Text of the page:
“I’m not afraid of death,” Woody Allen once said. “I just don’t want to be around when it happens.”
The same is true when we talk to our candidates about money. We’re not exactly afraid of the topic, but we find lots of ways to avoid it.
If the issue of salary makes you squeamish, take heart: There are a number of great techniques to break the ice, get good information and help your candidates meet their salary expectations.
For starters, I never ask, “What’s your current salary?” because the question might come across as being too abrupt or somewhat clinical. Instead, I ask, “Can you give me a sense as to what you’re earning?” which is a bit softer and tends to put the candidate at ease.
If the candidate seems reluctant to provide full disclosure, tell him that the deeper your knowledge, the more it will actually strengthen his position, as it gives you more to build on.
Do you reveal the employer’s salary range when discussing the job opening? If so, you’re probably making a mistake. First of all, it’s nobody’s business what the range is, only whether the candidate is qualified for the job based on a number of different criteria. And second, as soon as you commit to a number (which may or may not reflect the total package), you run the risk of either turning the candidate off if the salary is perceived as being too low, or dangling a carrot that’s not realistic.
In a situation where a person’s performance review is on the horizon, hold off setting up any interviews until after the review is complete. That way, you’ll have a refreshed version of the candidate’s motivation and sense of urgency with respect to changing jobs. By being patient, you’ll not only minimize the candidate’s leverage, you’ll be able to update the candidate’s salary, if in fact an adjustment has been made.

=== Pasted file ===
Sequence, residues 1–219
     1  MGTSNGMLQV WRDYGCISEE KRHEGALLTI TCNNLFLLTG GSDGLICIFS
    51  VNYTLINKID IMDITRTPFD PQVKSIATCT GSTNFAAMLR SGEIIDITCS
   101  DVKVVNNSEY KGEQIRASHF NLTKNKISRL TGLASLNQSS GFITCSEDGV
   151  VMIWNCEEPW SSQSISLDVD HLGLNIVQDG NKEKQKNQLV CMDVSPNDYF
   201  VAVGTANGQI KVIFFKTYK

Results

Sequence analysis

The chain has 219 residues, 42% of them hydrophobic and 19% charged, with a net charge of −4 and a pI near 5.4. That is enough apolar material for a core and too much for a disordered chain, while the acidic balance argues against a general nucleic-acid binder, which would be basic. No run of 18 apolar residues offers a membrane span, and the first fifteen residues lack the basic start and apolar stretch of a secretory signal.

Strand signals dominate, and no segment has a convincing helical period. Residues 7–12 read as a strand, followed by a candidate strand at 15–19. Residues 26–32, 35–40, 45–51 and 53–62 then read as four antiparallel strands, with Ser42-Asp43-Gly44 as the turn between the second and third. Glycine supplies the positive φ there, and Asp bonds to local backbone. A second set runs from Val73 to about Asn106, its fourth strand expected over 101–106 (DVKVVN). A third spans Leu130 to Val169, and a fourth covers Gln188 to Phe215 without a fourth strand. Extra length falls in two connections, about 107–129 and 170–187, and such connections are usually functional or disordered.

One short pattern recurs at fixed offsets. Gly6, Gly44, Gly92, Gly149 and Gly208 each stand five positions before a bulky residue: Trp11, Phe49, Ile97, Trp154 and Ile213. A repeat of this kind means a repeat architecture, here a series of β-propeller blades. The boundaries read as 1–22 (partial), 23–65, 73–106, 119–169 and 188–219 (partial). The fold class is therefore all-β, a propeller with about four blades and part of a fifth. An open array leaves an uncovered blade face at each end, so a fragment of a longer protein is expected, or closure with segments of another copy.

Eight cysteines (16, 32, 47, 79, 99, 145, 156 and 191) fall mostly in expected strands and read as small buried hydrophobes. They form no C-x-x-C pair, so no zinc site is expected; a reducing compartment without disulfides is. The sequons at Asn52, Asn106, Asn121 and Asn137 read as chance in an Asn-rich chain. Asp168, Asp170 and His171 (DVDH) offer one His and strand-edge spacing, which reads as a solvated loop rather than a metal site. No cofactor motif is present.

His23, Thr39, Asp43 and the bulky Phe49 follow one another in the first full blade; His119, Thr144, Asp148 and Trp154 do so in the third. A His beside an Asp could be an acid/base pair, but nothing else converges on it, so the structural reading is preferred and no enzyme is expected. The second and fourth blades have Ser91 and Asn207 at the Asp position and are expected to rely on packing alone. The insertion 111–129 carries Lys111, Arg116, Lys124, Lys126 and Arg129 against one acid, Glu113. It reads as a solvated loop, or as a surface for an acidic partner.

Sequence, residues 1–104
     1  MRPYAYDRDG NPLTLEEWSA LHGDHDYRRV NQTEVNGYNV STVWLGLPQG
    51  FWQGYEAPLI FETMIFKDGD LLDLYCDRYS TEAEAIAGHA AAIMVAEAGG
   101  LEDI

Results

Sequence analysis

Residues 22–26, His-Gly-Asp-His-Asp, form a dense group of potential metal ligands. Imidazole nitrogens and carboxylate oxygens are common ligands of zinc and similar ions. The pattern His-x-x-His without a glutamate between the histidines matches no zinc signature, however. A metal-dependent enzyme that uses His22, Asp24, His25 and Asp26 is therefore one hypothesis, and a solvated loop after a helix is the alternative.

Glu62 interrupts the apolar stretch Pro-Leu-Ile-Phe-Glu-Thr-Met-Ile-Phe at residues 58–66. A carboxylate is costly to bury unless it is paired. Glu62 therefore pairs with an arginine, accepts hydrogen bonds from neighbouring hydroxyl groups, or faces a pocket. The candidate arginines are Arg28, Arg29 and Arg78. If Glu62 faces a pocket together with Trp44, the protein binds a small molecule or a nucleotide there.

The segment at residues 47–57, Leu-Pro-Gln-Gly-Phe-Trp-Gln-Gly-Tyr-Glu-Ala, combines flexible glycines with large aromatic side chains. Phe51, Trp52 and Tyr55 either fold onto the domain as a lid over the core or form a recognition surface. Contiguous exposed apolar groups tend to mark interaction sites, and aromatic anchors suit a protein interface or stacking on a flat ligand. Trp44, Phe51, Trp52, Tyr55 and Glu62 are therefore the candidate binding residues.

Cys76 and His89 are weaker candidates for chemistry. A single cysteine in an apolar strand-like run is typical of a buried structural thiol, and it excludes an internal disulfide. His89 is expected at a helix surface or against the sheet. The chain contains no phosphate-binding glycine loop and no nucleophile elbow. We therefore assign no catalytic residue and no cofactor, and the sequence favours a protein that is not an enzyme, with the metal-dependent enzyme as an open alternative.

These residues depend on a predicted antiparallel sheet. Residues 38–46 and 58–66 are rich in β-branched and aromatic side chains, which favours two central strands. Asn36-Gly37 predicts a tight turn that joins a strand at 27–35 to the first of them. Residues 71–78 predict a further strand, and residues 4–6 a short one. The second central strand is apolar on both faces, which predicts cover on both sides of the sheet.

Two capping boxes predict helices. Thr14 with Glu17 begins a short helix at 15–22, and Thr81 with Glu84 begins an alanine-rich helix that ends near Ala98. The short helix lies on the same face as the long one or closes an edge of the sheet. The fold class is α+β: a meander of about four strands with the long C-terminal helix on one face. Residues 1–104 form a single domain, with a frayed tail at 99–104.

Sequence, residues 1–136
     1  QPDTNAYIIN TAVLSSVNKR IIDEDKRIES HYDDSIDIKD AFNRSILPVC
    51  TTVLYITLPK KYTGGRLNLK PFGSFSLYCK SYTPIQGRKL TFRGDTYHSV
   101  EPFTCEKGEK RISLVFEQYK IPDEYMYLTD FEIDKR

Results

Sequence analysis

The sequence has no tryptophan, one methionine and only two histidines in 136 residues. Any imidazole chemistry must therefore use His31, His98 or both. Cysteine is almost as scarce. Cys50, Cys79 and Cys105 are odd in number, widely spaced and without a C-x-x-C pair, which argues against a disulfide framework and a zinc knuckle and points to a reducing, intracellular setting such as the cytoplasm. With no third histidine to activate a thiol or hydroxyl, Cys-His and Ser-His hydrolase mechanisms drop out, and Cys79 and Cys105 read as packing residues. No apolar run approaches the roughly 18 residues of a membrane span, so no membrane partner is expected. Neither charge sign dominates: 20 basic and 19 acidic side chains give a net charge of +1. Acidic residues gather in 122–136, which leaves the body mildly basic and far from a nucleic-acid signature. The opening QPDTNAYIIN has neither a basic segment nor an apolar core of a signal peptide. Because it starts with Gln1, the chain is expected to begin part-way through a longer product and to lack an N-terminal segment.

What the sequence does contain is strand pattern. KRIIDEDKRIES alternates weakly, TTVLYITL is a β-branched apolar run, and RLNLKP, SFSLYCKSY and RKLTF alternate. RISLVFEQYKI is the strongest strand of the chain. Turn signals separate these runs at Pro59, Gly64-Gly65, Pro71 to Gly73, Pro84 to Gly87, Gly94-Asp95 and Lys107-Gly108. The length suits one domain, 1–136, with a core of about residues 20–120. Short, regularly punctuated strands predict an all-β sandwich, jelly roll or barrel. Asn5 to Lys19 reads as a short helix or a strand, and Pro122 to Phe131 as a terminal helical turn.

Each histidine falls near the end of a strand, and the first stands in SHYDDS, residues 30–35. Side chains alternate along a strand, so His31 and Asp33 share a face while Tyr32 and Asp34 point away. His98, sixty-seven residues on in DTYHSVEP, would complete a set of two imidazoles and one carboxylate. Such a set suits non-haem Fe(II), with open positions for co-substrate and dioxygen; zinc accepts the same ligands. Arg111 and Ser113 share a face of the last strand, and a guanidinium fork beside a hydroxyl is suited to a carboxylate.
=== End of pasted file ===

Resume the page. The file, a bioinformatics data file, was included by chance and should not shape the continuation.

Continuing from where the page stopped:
It’s always prudent to ask the candidate what he would like to earn if he were to change jobs. If the expectation is reasonable, great. On the other hand, if the figure seems too high, you can’t automatically assume the candidate has an overblown ego. Instead, you should ask the question, “Tell me what I should say to the employer as to why your salary needs are on the high side.” For all you know, the candidate can justify an increase that would otherwise seem out of whack. If he can’t, you might need to help the candidate adjust his requirements—or find a more realistic job seeker to work with.
One last caveat: When a job offer morphs from an abstraction to a reality, everything changes. Suddenly, the salary requirement the candidate initially gave you might be way too high or way too low for the job, now that the candidate has seen the job, met the prospective employer and has a sense of what’s required in terms of travel, commute time, benefits and so on.
The more precise your communication with the candidate regarding money, the fewer the surprises. And the fewer the surprises, the greater your odds of putting together a deal.
Bill Radin is a top-producing recruiter whose innovative books, tapes, CDs and training seminars have helped thousands of recruiting professionals and search consultants achieve peak performance and career satisfaction. Bill’s extensive experience makes him an ideal source of techniques, methods and ideas for rookies who want to master the fundamentals—or veterans ready to jump to a higher level of success.